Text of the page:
Although not often acknowledged, open wikis, with Wikipedia being the foremost example, do have strengths as information resources. First, they are open-access, and freely disseminate knowledge/information to anyone with an internet connection. Next, anyone can write and edit on open wikis, as well as collaboratively contribute information, making it egalitarian. Wikipedia is also good for quick fact checking and basic background information, and users can follow links to outside references in articles to find more in-depth information. Sure, Wikipedia is imperfect, but it’s a decent source of information since existing articles are frequently updated to reflect current events unlike traditional print reference sources. In addition, open wikis provide diverse viewpoints because of their crowdsourced content, and are highly relevant because of their broad scope which means that almost any topic is covered, even obscure subjects.

Still, open wikis have many disadvantages as information resources. I think the main criticism levied against Wikipedia is that of reliability since articles can be changed by anyone and thus factuality can be questionable. Essentially, Wikipedia as an open wiki is weak because it’s a free-for-all, lacking professional standards such as peer review and missing authoritative authors with topical expertise. Also, many articles are decidedly biased, and inaccurate information can linger. Hyperlinks embedded within articles can be deceiving; for example, if they link to an article behind a paywall, checking a reference can be difficult if not impossible. Overall, articles in open wikis like Wikipedia fail a quality analysis due to sketchy authority and ambiguous information content.

On the other hand, closed wikis are a different story, as are those wikis designed by professionals for a particular community of fellow professionals to consult for best practices (such as https://www.libsuccess.org/Library_Success:_A_Best_Practices_Wiki). These types of wikis have the advantage of vetted authorship and articles written by practitioners in the respective field. More specifically, closed wikis can act as information repositories for institutions such as academic libraries. Library personnel could consult an in-house wiki for policies and procedures documents and training materials or use it to collect statistics and record problems with library services. The wiki’s information could be easily adapted to stay current with workflow changes; even more importantly, this type of in-house knowledge management system means that when staff leave or retire, their knowledge is not lost to the library, but instead preserved for future reference within the wiki. Too, all library personnel could contribute to the wiki, making it a powerful tool for team-building and buy-in to the library’s institutional goals.

Open wikis are different from closed wikis, but I think as information professionals we need to be better teachers of information literacy. Rather than condemning Wikipedia, why not take it seriously and explain to students how to evaluate this particular information resource using the CRAAP test? And wouldn’t librarians benefit personally and professionally from implementing workplace wikis for more effective long-term knowledge management? After learning about wikis, I realize that we need to treat them more seriously, especially as they’re here to stay in the information world.

 

 

 

 

 

Academic Libraries’ Social Media Survey

As I began to research my final project for LS 590, which revolves around the use of Instagram by academic libraries, I wondered just how many college/university libraries near me actively use social media. Since I live in a rural part of the country, would that make a difference? Would these smaller academic institutions have staff fluent in social media technology? And, if they had a social media presence, would these libraries attract many followers? Therefore, I decided to conduct an informal survey!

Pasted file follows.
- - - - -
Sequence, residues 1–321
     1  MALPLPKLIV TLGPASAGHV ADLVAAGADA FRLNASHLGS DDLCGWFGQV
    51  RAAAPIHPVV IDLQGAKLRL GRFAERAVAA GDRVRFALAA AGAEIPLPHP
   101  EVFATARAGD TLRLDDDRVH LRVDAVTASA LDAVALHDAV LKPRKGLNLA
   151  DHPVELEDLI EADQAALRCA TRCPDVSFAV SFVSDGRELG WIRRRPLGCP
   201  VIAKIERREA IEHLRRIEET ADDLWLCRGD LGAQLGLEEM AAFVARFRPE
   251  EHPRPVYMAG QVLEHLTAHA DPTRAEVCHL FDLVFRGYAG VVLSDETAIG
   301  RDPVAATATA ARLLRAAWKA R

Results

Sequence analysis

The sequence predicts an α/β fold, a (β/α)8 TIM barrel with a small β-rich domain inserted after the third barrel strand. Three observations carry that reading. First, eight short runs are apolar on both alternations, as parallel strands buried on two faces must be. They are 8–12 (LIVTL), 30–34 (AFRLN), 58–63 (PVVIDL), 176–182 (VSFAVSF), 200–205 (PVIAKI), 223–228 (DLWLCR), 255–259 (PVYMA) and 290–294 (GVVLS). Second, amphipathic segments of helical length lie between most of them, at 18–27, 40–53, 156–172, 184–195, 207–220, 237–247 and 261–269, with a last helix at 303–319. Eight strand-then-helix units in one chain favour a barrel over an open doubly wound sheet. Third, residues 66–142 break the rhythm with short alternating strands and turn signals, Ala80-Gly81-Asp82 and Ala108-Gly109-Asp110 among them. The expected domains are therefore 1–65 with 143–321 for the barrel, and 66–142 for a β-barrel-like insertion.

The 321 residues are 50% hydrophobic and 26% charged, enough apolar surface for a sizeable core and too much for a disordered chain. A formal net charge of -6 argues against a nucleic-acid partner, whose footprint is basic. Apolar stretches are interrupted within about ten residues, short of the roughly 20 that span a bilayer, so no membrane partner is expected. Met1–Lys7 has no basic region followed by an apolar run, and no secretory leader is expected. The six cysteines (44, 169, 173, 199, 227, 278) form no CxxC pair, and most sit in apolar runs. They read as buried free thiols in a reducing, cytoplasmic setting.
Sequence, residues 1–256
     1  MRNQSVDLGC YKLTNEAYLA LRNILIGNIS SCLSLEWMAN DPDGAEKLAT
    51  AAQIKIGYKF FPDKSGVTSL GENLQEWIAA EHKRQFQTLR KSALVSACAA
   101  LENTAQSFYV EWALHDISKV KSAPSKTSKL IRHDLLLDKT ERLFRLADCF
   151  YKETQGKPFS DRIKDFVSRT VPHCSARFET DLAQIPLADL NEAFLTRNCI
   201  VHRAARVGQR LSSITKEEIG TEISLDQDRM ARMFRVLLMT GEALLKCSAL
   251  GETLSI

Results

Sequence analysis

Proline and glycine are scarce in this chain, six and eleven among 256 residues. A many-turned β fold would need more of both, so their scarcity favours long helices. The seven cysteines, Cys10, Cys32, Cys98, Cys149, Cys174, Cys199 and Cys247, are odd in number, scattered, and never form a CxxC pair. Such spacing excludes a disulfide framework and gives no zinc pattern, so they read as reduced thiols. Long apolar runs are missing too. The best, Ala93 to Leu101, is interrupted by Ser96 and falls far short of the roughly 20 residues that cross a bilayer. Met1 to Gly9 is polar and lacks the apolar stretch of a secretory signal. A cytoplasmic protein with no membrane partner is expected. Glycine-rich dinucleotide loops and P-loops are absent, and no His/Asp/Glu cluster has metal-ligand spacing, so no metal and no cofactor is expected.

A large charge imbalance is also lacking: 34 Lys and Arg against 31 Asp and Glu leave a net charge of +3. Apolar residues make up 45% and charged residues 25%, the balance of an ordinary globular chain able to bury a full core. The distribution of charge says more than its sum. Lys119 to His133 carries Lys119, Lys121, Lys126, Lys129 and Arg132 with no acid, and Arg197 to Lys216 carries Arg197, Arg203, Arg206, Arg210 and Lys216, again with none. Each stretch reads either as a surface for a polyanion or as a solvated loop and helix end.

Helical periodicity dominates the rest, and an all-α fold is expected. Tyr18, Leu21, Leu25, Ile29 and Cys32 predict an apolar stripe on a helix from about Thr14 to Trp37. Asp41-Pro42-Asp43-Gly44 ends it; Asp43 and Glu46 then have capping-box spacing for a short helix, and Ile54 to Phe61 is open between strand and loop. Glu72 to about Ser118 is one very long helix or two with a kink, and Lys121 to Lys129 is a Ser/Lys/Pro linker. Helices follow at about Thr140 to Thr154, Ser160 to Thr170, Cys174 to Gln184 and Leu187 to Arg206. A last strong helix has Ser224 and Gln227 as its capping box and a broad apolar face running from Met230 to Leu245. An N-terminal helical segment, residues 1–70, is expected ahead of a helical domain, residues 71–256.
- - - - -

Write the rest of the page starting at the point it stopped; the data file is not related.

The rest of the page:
1. Columbia State Community College Finney Library – currently does not appear to have any social media presence. None of the offsite branch library locations have social media accounts.
  2. University of North Alabama Collier Library – interesting because the library has a Twitter account that has been inactive for over a year, yet maintains a Facebook account with about 900 followers. The library’s Instagram account is infrequently updated, but has about 300 followers.
  3. Martin Methodist College Warden Memorial Library  – this is a private, religiously-affiliated college, whose sole social media outlet appears to be Facebook. Their library page has 66 followers, and it was only created in 2015. I was actually very surprised to learn that this library had a social media presence.
  4. Athens State University Library – again, this library is only on Facebook in the social media sphere, although their page is frequently updated for its 500 or so followers.
  5. Northwest Shoals Community College Libraries – despite two locations for separate campuses, these libraries do not use social media to connect with students, which is somewhat disappointing to me but correlates to the lack of social media at the other community college on this list.

In summary, I learned several things from my brief, informal survey of academic libraries’ social media usage. First, the two community college libraries both lacked social media accounts for student outreach, which troubled me since social media might be a worthwhile tool to engage first-generation college students and enlighten them about the library’s importance to their educational success. Secondly, only one library which I included in this informal survey used Instagram. Third, I’m now following Athens State University Library and Martin Methodist College Warden Memorial Library on Facebook to see what these libraries are doing for students! Finally, UNA Collier Library’s social media strategy somewhat perplexed me. The library has a good number of followers across platforms, yet it appeared to be under-utilizing Twitter. Or maybe library staff determined it wasn’t worth the effort? Overall, I hope that the community college libraries near me don’t get left behind when it comes to using social media for outreach and communication with students.